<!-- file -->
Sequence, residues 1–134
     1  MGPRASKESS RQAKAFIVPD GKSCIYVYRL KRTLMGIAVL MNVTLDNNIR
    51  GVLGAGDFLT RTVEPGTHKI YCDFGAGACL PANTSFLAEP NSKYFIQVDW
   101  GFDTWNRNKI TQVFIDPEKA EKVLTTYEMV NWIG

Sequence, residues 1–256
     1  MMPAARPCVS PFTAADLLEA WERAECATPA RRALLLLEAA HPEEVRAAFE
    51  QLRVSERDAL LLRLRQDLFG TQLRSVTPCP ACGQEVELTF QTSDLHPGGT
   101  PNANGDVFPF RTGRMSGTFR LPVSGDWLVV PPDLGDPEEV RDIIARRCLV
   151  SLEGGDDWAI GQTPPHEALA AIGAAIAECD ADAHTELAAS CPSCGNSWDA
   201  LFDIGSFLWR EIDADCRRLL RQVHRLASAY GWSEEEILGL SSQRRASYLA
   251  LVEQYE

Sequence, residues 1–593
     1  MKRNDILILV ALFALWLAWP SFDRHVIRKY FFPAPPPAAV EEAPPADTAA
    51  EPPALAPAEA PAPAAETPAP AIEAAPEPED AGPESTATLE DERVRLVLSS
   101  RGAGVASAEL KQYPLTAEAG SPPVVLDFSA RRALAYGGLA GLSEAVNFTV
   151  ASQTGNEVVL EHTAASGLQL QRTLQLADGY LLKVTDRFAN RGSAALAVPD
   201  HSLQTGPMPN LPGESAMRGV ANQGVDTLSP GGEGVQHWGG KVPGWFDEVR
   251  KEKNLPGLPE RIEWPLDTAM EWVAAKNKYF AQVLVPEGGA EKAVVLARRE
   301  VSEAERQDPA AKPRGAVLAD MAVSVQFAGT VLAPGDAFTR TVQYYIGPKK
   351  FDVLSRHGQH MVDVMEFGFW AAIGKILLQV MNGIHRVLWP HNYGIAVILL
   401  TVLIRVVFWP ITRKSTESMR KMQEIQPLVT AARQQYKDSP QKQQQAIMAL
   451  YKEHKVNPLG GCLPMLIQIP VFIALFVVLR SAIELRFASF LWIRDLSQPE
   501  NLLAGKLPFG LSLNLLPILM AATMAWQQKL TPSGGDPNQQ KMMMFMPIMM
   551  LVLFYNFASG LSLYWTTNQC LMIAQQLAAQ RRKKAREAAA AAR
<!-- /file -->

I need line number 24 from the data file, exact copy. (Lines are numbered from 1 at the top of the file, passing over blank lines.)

   551  LVLFYNFASG LSLYWTTNQC LMIAQQLAAQ RRKKAREAAA AAR